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Writing the first chapter of a dissertation

After the prospectus is approved, some of the review of literature may be moved into Chapter 2, which then becomes part of the proposal to do research. Chapter 1 is the engine that drives the rest of the document, and it must be a complete empirical argument as is found in courts of law. It should be filled with proofs throughout.

It is not a creative writing project in a creative writing class; hence, once a word or phrase is established in Chapter 1, use the same word or phrase throughout the dissertation. The content is normally stylized into five chapters, repetitive in some sections from dissertation to dissertation. A lengthy dissertation may have more than five chapters, but regardless, most universities limit the total number of pages to 350 due to microfilming and binding considerations in libraries in those institutions requiring hard copies.

How to Write Your Best Dissertation: Step-by-Step Guide

Following is an outline of the content of the empirical argument of Chapter 1. Introductory Paragraph State the general field of interest in one or two paragraphs, and end with a sentence that states what study will accomplish. Do not keep the reader waiting to find out the precise subject of the dissertation.

Background of the Problem This section is critically important as it must contain some mention of all the subject matter in the following Chapter 2 Review of the Literature 2 and the methodology in Chapter 3. Key words should abound that will subsequently be used again in Chapter 2. A minimum of two to three citations to the literature per paragraph is advisable. The paragraphs must be a summary of unresolved issues, conflicting findings, social concerns, or educational, national, or international issues, and lead to the next section, the statement of the problem.

The problem is the writing the first chapter of a dissertation in the knowledge. The focus of the Background of the Problem is where a gap in the knowledge is found in the current body of empirical research literature. Statement of the Problem Arising from the background statement is this statement of the exact gap in the knowledge discussed in previous paragraphs that reviewed the most current literature found.

A gap in the knowledge is the entire reason for the study, so state it specifically and exactly. Purpose of the Study The Purpose of the Study is a statement contained within one or two paragraphs that identifies the research design, such as qualitative, quantitative, mixed methods, ethnographic, or another design.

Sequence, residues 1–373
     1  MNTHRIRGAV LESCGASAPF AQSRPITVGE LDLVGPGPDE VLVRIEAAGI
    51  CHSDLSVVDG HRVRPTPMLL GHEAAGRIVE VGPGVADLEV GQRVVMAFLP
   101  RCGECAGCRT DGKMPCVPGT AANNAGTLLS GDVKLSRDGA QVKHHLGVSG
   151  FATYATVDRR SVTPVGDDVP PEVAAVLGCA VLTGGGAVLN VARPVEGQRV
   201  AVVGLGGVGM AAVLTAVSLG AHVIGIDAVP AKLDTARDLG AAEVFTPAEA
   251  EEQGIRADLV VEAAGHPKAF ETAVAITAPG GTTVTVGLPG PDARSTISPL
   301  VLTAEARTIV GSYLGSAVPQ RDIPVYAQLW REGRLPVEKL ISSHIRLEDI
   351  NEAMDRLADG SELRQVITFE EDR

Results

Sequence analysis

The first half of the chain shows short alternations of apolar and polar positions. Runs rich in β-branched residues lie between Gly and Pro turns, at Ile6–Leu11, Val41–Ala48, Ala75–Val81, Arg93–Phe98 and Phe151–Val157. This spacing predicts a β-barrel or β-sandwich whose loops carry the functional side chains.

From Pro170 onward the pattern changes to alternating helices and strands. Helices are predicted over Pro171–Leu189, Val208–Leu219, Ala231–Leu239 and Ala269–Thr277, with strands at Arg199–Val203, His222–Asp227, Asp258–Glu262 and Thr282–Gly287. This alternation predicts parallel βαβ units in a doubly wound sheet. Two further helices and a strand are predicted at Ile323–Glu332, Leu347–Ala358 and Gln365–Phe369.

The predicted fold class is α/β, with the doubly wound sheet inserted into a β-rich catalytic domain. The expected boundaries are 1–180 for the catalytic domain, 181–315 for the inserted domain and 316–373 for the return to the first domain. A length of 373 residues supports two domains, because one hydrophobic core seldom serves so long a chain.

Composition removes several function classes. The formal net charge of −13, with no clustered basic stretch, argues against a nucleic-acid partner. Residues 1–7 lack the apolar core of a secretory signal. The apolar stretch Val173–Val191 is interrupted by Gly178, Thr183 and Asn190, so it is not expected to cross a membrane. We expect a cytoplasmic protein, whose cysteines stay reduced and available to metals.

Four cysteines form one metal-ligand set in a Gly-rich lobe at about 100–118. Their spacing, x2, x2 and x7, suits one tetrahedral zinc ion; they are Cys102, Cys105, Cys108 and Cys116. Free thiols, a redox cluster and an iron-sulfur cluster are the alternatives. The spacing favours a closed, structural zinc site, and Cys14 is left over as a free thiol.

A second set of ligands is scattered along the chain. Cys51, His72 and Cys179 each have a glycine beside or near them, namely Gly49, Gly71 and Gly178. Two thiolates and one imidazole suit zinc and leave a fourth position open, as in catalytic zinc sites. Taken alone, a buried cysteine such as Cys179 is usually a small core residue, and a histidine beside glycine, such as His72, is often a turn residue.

The research variables, if a quantitative study, are identified, for instance, independent, dependent, comparisons, relationships, or other variables. The population that will be used is identified, whether it will be randomly or purposively chosen, and the location of the study is summarized.

Introduction Chapter Writing

Most of these factors will be discussed in detail in Chapter 3. Significance of the Study The significance is a statement of why it is important to determine the answer to the gap in the knowledge, and is related to improving the human condition. The contribution to the body of knowledge is described, and summarizes who will be able to use the knowledge to make better decisions, improve policy, advance science, or other uses of the new information.

Writing Chapter Four Dissertation: Tips and Tricks

Primary Research Questions The primary research question is the basis for data collection and arises from the Purpose of the Study. There may be one, or there may be several. When the research is finished, the contribution to the knowledge will be the answer to these questions. Do not confuse the primary research questions with interview questions in a qualitative study, or survey questions in a quantitative study. The research questions in writing the first chapter of a dissertation qualitative study are followed by both a null and an alternate hypothesis.

Hypotheses A hypothesis is a testable prediction for an observed phenomenon, namely, the gap in the knowledge. Each research question will have both a null and an alternative hypothesis in a quantitative study. Qualitative studies do not have hypotheses. The two hypotheses should follow the research question upon which they are based.

Hypotheses are testable predictions to the gap in the knowledge. In a qualitative study the hypotheses are replaced with the primary research questions. Research Design In Chapter 1 this is a summary of the methodology and contains a brief outline of three things: All of these elements will be reported in detail in Chapter 3.